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The rationale for screening and surveillance of Barrett's metaplasia.

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Division of Gastroenterology and Hepatology, University of Kansas School of Medicine, Department of Veterans Affairs Medical Center, 4801 East Linwood Boulevard, Kansas City, MO 64128-2295, USA.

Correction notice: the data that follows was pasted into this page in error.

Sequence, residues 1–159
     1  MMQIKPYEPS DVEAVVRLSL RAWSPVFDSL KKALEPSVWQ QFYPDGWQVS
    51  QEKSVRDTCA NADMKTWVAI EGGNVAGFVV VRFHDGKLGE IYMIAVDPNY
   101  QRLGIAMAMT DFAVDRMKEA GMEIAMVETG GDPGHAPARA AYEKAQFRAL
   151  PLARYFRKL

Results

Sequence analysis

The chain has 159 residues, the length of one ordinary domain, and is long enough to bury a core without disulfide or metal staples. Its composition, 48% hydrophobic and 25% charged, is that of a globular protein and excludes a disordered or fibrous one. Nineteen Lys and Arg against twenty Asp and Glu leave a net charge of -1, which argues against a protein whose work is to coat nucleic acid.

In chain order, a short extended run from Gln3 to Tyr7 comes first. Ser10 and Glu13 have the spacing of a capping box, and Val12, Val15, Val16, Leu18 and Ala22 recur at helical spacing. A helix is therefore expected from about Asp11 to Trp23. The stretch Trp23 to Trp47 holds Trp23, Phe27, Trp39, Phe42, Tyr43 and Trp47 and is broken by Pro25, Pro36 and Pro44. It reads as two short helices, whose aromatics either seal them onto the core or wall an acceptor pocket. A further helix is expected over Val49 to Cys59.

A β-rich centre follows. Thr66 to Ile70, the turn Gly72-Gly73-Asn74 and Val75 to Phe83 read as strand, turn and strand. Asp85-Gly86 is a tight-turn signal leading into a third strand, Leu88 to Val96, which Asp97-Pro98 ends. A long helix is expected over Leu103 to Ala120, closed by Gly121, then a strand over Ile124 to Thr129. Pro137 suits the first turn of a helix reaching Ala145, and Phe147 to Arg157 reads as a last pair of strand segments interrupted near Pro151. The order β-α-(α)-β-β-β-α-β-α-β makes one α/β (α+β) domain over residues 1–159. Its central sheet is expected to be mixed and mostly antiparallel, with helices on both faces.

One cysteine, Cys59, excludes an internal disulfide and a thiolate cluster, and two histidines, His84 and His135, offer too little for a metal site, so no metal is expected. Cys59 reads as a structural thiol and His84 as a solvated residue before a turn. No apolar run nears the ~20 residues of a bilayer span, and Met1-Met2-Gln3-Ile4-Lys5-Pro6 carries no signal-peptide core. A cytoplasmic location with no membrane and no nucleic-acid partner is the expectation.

Oesophageal adenocarcinoma is a rare cancer; however, it is the most rapidly increasing cancer in the western world. Barrett's oesophagus is the only recognised precursor and is associated with the majority of cases of adenocarcinoma. The role of screening and surveillance in patients with Barrett's oesophagus remains controversial. There is insufficient evidence to show that screening improves survival and is cost-effective. Indirect evidence suggests that patients diagnosed with cancer while undergoing surveillance endoscopy are diagnosed at an earlier stage and have an improved survival. The problems with current surveillance techniques include lack of data on natural history of Barrett's oesophagus, test invasiveness, costs, lack of standardisation and validation of biopsy and treatment protocols, and endoscopy intervals. The use of novel endoscopic techniques and biomarkers combined with better identification of high-risk groups could make screening and surveillance a cost-effective practice in the future.

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